The nine most warmongering countries in the world revealed

Japan’s moves to rewrite its pacifist constitution have sparked large protests in the country – but just how unusual is it for a country to not be involved in overseas conflict?

Japan is close to passing a new law that would allow it to engage in international conflict for the first time since the Second World War, prompting widespread protests against militarisation.

Tens of thousands turned out on Sunday in front of the Japanese parliament in Tokyo, proud of their country’s pacifist tradition, while recent polls show the majority of the public oppose the bills.

Japan’s pride stems in part from the fact that it seems unusual not to engage in overseas fighting of any kind – but the latest research from the Institute for Economics and Peace suggests that’s not actually the case.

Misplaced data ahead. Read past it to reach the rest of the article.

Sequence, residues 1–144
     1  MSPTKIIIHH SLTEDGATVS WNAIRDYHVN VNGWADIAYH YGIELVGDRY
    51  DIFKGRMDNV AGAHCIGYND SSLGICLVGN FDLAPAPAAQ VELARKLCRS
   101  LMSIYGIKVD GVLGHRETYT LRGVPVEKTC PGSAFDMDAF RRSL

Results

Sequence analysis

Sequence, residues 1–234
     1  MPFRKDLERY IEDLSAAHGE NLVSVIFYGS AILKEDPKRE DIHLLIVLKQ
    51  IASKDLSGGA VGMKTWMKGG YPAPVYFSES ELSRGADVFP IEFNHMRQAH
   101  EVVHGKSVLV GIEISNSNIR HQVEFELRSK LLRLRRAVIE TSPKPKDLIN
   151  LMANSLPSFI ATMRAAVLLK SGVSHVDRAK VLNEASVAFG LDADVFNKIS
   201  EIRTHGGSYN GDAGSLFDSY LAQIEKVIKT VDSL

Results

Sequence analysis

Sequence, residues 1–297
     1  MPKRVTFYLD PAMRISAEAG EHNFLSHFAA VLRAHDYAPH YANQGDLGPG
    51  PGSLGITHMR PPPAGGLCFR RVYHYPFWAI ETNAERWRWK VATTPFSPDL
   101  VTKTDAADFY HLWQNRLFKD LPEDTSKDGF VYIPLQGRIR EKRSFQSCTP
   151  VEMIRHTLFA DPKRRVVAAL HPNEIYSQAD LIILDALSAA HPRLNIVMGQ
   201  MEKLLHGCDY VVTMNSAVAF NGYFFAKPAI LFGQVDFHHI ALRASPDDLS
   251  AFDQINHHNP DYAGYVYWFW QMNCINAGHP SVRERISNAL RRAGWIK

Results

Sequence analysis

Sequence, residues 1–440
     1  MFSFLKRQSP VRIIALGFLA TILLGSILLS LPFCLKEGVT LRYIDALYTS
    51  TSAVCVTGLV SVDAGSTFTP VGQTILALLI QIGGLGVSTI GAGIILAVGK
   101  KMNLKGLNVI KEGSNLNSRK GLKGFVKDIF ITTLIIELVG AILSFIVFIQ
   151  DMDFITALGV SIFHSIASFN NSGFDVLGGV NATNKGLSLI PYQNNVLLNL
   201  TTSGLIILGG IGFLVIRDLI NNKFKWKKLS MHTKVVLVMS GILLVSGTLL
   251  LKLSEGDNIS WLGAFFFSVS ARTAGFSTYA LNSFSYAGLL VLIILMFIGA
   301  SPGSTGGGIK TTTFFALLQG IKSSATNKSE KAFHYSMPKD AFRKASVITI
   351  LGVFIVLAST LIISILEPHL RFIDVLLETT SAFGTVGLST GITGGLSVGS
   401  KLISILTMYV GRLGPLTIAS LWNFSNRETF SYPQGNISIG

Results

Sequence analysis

Of the 162 countries the IEP analysed for its 2015 Global Peace Index, 81 – exactly half and including Japan – were rated as having no involvement in external conflict.

That means that if Japan does pass its legislation it will tip the balance, making the majority of the world’s nations engaged in war.

The worst country in the world for external conflict was Uganda, according to the IEP. It has been heavily involved in fighting in the DR Congo, as well as in skirmishes with the Lord’s Resistance Army (LRA) of Joseph Kony in border regions.

The US came second, followed by Rwanda and then the UK, which IEP said has nonetheless improved its overall ranking in the index “as a result of its exit from the mission in Afghanistan”.

Overall, Japan is ranked as the eighth-most peaceful country in the world, second only to New Zealand in the Asia-Pacific region.

In Tokyo, the participation of students and young mothers has captured media attention, in a country where rallies have traditionally been dominated by labour union members and ageing left-wing activists.

Mami Tanaka, 35, attended with her husband and three children. She told the Associated Press: “In order to make the world a better place, where the life of not even a single child is taken away, we must take action now or Japan will make a turn for the worse. That's why I came today.”

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